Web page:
North Fork mechanics adjust to an evolving industry

12/15/2010 10:50 AM |

BARBARAELLEN KOCH PHOTO | Riverhead Ford auto technician Dimitri Kreatsoulas of Wading River, a 2007 BOCES/Shoreham Wading River graduate, works on a 2008 Ford E250 van doing a pre-delivery inspection and oil change.

Not so many years ago, a driver who experienced trouble with his car could lift the hood and often diagnose, if not fix, the problem. Today’s vehicles are more complex, defying the average driver to even know what he’s looking at under the hood, according to mechanics who have been forced into training programs to meet the new demands of high-tech, computerized cars.

“The stuff they taught right out of school was great for then,” said Eddie Hughes, service manager at Riverhead Dodge. He was referring to basic mechanics courses taught at Eastern Suffolk BOCES and post-high school mechanics courses offered by junior colleges or technical schools.

Today, mechanics “have to be able to read and comprehend detailed information,” said Tom Williams, a mechanic at Riverhead Ford. Older mechanics have had to be retrained to handle the technology that repairs require, he said. And all mechanics have to keep up with evolving technology, he added.

Whether it’s using computer technology to diagnose a vehicle’s problems or understanding the sophisticated workings of hybrid or electric vehicles, it’s a brave new world for mechanics.

Hybrids may be easy for their drivers to deal with. “They’ve been problem-free,” said Howie Lucas of Lucas Ford in Southold. He regards them as “low maintenance,” but said all of his mechanics have had to take training to perform even routine service on them.

Scott Tyler of Tyler’s Automotive in Mattituck said the training is “extensive” even though “trouble-wise,” the newest vehicles “seem to be quite reliable.”

Despite their reliability, they are expensive when they do need work, Mr. Hughes said.

“There are fewer light repairs and more in depth,” he said. “Usually, when things break, they don’t break easy anymore.”
These days, after mechanics put in a full day at work, they might have to give up some of their own time in the evening to take training, Mr. Tyler said.

The company gives some time off for the eight to 10 days a year that most mechanics have to devote to training — but sometimes training might extend beyond that cumulatively, and if an employee isn’t willing to give up some of his own time for the sake of his career, Mr. Tyler said he doesn’t want to hire him.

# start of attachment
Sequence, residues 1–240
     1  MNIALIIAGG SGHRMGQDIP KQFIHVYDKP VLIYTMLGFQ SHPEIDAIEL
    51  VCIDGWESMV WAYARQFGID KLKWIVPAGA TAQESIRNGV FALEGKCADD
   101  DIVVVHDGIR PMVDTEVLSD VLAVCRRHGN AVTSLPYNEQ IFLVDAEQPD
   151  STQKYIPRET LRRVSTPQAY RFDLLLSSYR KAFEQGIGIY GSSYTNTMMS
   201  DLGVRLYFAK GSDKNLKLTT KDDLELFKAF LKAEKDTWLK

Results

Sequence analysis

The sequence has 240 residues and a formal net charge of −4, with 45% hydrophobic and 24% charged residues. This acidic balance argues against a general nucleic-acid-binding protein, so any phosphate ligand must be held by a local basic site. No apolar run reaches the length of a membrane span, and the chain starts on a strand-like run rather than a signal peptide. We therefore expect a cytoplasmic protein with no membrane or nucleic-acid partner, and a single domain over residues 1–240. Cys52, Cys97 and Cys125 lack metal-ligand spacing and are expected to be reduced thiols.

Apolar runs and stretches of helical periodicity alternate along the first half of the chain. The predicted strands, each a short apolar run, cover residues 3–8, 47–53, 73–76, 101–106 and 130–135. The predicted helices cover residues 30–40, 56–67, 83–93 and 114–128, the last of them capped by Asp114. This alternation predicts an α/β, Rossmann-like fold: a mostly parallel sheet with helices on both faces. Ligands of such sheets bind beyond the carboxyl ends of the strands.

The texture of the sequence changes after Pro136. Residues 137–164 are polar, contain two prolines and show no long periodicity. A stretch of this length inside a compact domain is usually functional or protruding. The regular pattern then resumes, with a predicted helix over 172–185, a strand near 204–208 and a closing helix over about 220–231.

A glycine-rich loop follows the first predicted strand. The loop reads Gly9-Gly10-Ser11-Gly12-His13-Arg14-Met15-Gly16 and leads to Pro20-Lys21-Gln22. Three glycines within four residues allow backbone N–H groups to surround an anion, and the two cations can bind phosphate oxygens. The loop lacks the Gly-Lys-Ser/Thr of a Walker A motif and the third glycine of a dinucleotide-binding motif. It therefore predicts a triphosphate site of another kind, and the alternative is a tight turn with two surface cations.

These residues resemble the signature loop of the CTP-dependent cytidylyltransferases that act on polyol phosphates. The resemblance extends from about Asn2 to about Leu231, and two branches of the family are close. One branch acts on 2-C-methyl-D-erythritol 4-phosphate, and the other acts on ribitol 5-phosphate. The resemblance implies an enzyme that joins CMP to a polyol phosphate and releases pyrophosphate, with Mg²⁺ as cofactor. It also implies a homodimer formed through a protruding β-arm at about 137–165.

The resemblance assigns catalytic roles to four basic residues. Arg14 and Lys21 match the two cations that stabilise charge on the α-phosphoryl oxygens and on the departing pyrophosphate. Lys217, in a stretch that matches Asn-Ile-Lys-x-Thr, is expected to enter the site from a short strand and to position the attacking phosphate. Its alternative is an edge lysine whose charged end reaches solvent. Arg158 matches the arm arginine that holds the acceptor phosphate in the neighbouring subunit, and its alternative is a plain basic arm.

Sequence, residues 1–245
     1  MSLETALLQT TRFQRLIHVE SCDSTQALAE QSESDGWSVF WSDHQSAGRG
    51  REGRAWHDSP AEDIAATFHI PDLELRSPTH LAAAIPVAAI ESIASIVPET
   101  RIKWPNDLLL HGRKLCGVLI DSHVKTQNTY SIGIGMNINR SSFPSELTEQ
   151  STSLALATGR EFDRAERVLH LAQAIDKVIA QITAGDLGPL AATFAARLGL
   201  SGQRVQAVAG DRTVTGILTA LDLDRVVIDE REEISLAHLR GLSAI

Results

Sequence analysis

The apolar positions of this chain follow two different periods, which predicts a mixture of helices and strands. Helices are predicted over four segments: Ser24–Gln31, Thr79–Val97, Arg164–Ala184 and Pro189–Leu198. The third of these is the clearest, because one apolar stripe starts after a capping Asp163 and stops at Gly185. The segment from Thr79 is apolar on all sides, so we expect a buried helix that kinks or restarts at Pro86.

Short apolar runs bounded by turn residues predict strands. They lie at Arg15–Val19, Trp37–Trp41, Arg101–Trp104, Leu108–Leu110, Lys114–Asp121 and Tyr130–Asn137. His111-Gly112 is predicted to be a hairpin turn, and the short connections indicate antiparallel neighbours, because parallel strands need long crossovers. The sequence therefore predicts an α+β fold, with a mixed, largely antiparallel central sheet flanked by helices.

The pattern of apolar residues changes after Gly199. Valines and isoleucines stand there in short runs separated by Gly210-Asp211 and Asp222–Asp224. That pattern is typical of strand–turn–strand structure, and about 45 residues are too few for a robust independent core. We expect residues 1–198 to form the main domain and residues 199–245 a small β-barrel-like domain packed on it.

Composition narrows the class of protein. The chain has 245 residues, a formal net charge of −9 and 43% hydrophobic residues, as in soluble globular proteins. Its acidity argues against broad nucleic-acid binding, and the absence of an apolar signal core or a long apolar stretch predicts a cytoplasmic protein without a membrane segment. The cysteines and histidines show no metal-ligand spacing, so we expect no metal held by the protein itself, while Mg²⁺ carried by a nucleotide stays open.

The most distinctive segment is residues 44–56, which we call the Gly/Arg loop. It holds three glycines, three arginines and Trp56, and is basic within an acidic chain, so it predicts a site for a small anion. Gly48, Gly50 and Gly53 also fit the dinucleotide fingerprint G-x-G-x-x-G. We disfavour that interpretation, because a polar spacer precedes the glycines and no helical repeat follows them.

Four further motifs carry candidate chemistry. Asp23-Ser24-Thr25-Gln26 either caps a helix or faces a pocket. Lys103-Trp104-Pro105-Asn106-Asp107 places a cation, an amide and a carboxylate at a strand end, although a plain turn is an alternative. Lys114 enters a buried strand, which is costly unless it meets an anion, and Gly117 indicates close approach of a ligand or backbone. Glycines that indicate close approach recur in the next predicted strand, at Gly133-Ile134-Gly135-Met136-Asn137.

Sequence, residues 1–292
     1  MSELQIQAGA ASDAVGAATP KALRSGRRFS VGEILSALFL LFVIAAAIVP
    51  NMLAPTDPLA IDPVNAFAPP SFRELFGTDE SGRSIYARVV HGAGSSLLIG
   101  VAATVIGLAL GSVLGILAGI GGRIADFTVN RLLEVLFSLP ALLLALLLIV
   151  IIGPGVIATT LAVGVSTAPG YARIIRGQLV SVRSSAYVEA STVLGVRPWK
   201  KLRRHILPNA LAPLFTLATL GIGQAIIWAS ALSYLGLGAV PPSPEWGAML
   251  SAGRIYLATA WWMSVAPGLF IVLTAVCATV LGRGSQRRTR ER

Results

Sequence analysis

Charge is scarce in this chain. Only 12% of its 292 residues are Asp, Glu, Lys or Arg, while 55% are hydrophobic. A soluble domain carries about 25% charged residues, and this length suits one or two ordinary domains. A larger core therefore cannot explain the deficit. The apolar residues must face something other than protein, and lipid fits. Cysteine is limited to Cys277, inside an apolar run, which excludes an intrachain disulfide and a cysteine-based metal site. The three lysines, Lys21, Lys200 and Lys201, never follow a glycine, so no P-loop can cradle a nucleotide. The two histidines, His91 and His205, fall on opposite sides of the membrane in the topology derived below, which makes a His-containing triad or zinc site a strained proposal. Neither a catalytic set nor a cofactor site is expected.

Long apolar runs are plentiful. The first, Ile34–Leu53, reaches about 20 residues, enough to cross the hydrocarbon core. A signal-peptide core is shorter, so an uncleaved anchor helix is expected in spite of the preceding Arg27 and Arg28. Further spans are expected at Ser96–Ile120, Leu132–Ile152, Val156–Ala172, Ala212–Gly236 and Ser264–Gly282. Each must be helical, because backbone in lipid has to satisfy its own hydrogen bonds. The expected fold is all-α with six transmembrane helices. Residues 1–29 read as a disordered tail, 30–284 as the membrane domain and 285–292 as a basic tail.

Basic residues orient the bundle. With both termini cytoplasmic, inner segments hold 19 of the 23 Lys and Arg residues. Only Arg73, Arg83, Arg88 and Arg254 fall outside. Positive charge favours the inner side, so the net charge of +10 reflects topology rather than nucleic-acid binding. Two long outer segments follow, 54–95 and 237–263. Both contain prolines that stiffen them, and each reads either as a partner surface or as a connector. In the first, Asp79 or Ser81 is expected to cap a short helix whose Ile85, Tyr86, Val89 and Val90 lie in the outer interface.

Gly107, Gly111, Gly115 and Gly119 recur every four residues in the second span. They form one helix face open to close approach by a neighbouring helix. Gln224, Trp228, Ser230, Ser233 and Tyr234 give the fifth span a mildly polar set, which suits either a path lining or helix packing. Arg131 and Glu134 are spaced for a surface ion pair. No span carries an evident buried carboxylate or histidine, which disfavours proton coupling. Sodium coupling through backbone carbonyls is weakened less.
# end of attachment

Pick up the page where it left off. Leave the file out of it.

The cost of sending his mechanics to training programs runs between $500 and $800 a day, when lost revenue is added to the tuition, Mr. Hughes said.

Add to that the cost of the special tools and equipment mechanics need to maintain and repair hybrids and electric vehicles, not to mention conventional cars with a lot of computerized innards, Mr. Tyler said.

And then there’s the time that mechanics like Mr. Williams give to help emergency personnel when an accident involves a non-conventional vehicle. With gasoline-powered cars and trucks, accident victims can often be helped out of their cars with low risk to the rescuer, as long as there’s no fire. But in the new hybrids, a rescuer who fails to take precautions can end up with “curly hair,” he said. What might once have been an injury resulting from improper rescue procedures, today could mean death for both the rescuer and the vehicle occupants, he said.

There’s another concern that comes with the newest vehicles. Their greater reliability may be a boon for the sales force, but it can hurt the bottom line in the service department, especially when the economy isn’t great and people are feeling pinched.

More reliable vehicles make it a challenge to stay in business, Mr. Tyler said.

But not all of the drop in repair revenue can be blamed on increased reliability. Some of it follows from owners who don’t want to pay the higher prices for complete repairs if they can keep driving without them.

“People are doing the bare minimum of what it takes to get back on the road,” Mr. Tyler said. Mr. Hughes marks some repair bills with a notice that he considers the vehicle poorly maintained and unsafe and advises that he is not responsible if a driver insists on running such a vehicle.

The other side of the bad economy is that people who once got rid of a vehicle when it began having problems are more inclined today to try to get it fixed and drive it longer, Mr. Hughes said.

The best advice all the mechanics offer is this: Maintain vehicles properly and don’t always assume the manufacturer’s advice about maintenance minimums is on target. Sometimes cars need more tender loving care.

For example, a vehicle driven on the North Fork, where there’s a lot of dust from farm fields, is likely to need an air filter more often than the manufacturer advises, Mr. Tyler said. And check your oil levels, especially in smaller vehicles. The manufacturer may say you need an oil change only every 7,500 miles, but that may not be sufficient in vehicles that run hotter, burning oil faster, he said.

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One Comment

  • Thank you for the article. I have more advice to offer. Be sure you buy from a reputable dealer. Last year my family purchased a used PT Cruiser from Riverhead Dodge that had flourescent dye in the A/C line rather than coolant. Needless to say, the A/C doesn’t work, and someone knew it before they sold it. We purchased the car in the winter, making it difficult to check the A/C before we bought it. We’re still waiting for them to fix it.